< link rel="DCTERMS.isreplacedby" href="http://davejustus.com/" >

Thursday, September 08, 2005

Voting for a new Japan | Economist.com


IT IS an election without precedent in many ways, so the outcome on Sunday September 11th could yet defy the pollsters. But only days before the voting, the Liberal Democratic Party (LDP) held such a commanding lead in opinion surveys that it was widely expected to retain its grip on power, as it has done for all but ten months of the past half century. If you were to conclude from this, however, that the election has lost its suspense, you would be wrong. For Japan's prime minister, Junichiro Koizumi (pictured), is taking on two very different opponents in the election that he decided to call a month ago, after his plan to privatise Japan's postal-savings bank failed to clear parliament. One opponent is the group of LDP rebels who voted against the privatisation plan in the lower house, and who therefore represent one of the most ferociously anti-reformist wings of the party. Mr Koizumi's other opponent is the Democratic Party of Japan (DPJ), which has improved the country's democracy greatly over the past few years by giving the LDP some competition. Ideally, Mr Koizumi would destroy the rebels on Sunday without doing too much damage to the DPJ. Neither outcome is assured. It is clear, though, that many of Japan's voters are energised, and mostly for reform. Mr Koizumi's attack on the rebels has clearly inspired much of the country. He has sharply boosted his standing in the polls, and many young and urban voters who have shunned the ruling party in recent years now say that they support the prime minister and his purged LDP. Opinion surveys suggest that the Japanese are keener to vote this time than they have been in many years.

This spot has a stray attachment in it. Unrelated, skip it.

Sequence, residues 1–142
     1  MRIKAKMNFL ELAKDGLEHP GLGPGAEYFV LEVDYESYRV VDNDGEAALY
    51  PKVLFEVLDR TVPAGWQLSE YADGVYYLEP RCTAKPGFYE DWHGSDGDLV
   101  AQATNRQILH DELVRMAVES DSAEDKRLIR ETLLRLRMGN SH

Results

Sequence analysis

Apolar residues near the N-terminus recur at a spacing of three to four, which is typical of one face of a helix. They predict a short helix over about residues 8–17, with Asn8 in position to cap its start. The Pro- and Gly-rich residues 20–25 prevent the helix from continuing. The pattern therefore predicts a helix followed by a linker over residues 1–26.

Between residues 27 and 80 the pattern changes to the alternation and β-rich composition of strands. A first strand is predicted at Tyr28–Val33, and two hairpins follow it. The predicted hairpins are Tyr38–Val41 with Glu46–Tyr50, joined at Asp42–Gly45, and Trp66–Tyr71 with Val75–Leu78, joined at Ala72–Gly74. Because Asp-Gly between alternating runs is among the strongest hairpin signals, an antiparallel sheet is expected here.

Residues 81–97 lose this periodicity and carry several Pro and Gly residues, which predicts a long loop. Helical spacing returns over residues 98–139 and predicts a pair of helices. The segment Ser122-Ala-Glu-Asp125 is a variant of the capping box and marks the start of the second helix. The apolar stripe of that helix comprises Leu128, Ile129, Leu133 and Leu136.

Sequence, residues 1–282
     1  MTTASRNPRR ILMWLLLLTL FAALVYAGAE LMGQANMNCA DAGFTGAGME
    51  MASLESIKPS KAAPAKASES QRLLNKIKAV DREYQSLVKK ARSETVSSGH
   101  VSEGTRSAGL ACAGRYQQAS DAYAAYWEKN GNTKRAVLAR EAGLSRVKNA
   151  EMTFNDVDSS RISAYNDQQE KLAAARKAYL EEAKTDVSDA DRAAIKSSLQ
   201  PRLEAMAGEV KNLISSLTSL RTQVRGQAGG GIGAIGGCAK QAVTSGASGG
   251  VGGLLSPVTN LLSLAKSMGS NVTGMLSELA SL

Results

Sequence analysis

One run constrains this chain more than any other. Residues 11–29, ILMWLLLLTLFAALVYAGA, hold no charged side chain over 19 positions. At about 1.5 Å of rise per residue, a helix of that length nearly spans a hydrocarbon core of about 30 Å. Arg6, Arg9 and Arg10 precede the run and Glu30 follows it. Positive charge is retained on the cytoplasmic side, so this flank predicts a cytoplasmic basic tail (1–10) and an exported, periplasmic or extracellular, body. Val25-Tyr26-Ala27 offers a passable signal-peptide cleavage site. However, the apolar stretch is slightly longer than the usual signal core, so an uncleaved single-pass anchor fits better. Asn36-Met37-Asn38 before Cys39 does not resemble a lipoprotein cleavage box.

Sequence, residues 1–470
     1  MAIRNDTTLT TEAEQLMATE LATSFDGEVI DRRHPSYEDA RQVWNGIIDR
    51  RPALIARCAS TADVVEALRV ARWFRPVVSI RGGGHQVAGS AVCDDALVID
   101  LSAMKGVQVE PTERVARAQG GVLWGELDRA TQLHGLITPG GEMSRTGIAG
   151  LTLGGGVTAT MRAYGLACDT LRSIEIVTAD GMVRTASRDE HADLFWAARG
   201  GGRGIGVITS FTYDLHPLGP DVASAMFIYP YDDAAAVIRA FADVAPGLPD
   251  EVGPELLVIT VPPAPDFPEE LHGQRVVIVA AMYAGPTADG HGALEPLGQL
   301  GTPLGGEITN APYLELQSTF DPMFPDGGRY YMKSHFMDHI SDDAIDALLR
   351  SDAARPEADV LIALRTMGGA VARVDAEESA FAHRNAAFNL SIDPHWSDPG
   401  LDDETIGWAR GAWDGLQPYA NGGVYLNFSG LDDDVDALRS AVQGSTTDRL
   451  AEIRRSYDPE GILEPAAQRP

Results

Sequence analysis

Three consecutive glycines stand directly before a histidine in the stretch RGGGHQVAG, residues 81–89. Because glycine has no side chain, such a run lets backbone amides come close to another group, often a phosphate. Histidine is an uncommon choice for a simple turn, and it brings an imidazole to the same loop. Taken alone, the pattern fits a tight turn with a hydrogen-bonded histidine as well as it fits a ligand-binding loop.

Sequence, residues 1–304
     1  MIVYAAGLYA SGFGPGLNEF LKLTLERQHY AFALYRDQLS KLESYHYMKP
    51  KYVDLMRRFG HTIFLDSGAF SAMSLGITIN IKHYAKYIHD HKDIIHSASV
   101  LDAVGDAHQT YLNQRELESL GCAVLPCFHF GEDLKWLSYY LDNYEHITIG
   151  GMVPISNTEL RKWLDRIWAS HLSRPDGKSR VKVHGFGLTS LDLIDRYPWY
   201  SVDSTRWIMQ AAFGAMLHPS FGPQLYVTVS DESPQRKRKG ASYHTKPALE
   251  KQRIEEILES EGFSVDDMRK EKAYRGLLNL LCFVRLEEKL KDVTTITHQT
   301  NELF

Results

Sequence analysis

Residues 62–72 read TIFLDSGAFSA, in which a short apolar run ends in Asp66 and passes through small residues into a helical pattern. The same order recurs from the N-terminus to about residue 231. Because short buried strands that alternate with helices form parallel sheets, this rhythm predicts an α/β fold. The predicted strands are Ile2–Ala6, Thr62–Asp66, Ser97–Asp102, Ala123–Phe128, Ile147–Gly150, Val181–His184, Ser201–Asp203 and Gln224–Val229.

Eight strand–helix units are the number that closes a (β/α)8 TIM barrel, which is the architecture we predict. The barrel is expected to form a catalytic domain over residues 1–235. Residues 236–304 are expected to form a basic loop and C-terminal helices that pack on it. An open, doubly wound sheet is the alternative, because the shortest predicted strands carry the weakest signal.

Japan badly needs some reform. While it's manufactoring efficiency is to be envied, it's protectionist policies and domestic over regulation have stymied it's economic growth for over a decade now. Internal markets are more important than external ones for economic strength and Japan, for all it's vaunted glory of the past has never been strong internally. Here's hoping that Koizumi's reforms are successful.


Post a Comment

<< Home